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Cuba's military power put on parade

Cuba’s military power put on parade
AFP
Tuesday, November 28, 2006

HAVANA, Cuba (AFP) – Cuba rolled out anti-air defences, fighter jets and
marchers yesterday a raucous rehearsal for its first military parade in
a decade to mark Fidel Castro’s 80th birthday, amid expectation here
that he may appear in the flesh.

Four months have passed since Castro underwent intestinal surgery and
then relinquished power temporarily to his brother and defence minister,
Raul Castro. Cuba postponed Fidel’s birthday celebrations from August 13
to December 2, hoping his recovery might be well along.

But Cuban authorities, who do not comment in detail on Castro’s health,
have stopped saying Fidel will be back on the job full time.
Celebrations have something of a farewell tone for many Cubans.

“I think he’s feeling better and maybe will make a public appearance at
the parade … but getting back to government again, to his usual job, I
don’t know. It’s difficult for me to see that,” said a 52-year-old radio
worker who wished to remain anonymous.

Since Fidel Castro’s operation, he has only been seen on television and
in still photographs since July 26.
Yesterday, activity was at a fever pitch and noise levels were up at
Revolution Square, where military cadets were out, MiG fighters soared
beneath the clouds and Soviet-era troop transport helicopters clattered by.

Young workers from several state industries were out marching with their
co-workers, waving huge red, white and blue Cuban flags in the cool breeze.

The military parade Saturday at which Fidel Castro is widely expected,
though his attendance is not officially confirmed, is the climax of
almost a week of festivities.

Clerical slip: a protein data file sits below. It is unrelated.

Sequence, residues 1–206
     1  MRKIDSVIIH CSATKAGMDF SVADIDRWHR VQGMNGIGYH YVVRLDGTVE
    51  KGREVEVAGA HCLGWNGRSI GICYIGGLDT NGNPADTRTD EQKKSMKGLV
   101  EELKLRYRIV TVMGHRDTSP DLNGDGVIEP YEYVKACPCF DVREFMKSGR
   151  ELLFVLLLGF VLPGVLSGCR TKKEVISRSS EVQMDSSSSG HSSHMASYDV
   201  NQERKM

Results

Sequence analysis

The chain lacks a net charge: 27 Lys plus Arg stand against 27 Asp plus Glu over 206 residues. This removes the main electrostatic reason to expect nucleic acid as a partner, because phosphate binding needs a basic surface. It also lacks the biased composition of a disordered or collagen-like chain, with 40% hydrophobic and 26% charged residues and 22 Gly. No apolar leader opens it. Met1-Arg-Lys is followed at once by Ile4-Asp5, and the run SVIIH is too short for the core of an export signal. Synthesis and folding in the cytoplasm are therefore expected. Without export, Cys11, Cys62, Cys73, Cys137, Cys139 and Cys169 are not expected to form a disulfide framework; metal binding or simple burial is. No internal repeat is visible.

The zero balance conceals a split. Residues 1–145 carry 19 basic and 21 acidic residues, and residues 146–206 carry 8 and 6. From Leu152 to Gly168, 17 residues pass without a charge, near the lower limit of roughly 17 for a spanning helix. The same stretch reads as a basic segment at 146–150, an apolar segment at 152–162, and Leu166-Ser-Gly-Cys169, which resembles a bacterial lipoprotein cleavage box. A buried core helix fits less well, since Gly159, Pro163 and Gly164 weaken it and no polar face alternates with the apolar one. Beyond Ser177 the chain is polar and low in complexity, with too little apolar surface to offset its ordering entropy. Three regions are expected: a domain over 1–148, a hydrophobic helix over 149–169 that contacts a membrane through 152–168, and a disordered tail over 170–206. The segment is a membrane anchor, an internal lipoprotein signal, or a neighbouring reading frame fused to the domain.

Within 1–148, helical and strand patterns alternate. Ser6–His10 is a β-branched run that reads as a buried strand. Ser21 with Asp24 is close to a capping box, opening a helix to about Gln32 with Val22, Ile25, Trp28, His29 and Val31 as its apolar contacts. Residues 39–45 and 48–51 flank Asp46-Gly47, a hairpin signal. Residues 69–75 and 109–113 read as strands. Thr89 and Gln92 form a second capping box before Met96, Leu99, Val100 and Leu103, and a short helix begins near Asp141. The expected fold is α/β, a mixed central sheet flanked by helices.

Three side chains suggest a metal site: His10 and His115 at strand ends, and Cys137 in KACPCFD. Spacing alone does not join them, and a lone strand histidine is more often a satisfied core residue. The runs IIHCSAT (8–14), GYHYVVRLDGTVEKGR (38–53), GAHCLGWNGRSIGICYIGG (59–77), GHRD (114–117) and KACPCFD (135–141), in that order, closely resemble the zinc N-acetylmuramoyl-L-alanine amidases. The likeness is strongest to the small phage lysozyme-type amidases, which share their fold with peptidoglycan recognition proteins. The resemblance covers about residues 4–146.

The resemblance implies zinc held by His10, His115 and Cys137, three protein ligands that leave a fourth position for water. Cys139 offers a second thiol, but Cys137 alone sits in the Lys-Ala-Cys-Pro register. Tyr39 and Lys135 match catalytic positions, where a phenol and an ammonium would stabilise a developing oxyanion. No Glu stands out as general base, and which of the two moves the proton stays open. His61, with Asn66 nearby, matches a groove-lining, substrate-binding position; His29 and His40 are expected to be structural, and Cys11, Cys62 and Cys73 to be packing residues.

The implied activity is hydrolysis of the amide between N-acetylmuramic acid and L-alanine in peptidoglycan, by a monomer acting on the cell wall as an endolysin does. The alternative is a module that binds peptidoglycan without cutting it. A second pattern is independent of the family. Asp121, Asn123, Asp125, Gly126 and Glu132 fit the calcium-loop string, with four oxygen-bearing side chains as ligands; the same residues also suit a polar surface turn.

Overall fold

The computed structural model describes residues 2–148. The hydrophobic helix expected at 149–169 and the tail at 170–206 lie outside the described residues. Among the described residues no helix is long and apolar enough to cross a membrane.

Some 300,000 people are expected to march, and 2,000 guests from 80
countries, including presidents, ex-presidents, Nobel laureates, actors
and musicians, are due on hand. Allies President Evo Morales of Bolivia
and president-elect Daniel Ortega of Nicaragua planned to attend.

All eyes will be on the main podium to see if the grey-bearded leader is
present and, if he is, hazard a guess at whether he might be strong
enough ever to retake the helm of Latin America’s only one party
communist regime.

“We expect to see our commander in his military uniform. On Saturday we
are going to show that the Revolution is still on its feet and more
solid than ever,” said Laura Cuadra, 52, a worker at an epidemiology
centre out marching.

Within a month of the operation, Castro said he had lost 18.6 kilograms
(41 pounds). His usual proud frame of a statesman had given way in
pictures to a gaunt elderly hospital patient.

Whether or not he returns to work full time, over the past four months
Cuba has grown used to the idea of life without Fidel. And with the
baton passed to Raul Castro, who has kept a low profile, the public
profiles of other communist leaders, including vice president Carlos
Lage, 55, have been raised on state television.

Loly, a 63-year-old nurse in Havana, said privately that Fidel Castro
was unlikely to return to power. “Fidel is not coming back. When he is
no longer alive, the political line is going to be the same, but let’s
hope the economy improves. The people are not ‘comunista’, they are
Fidelista,” she said.

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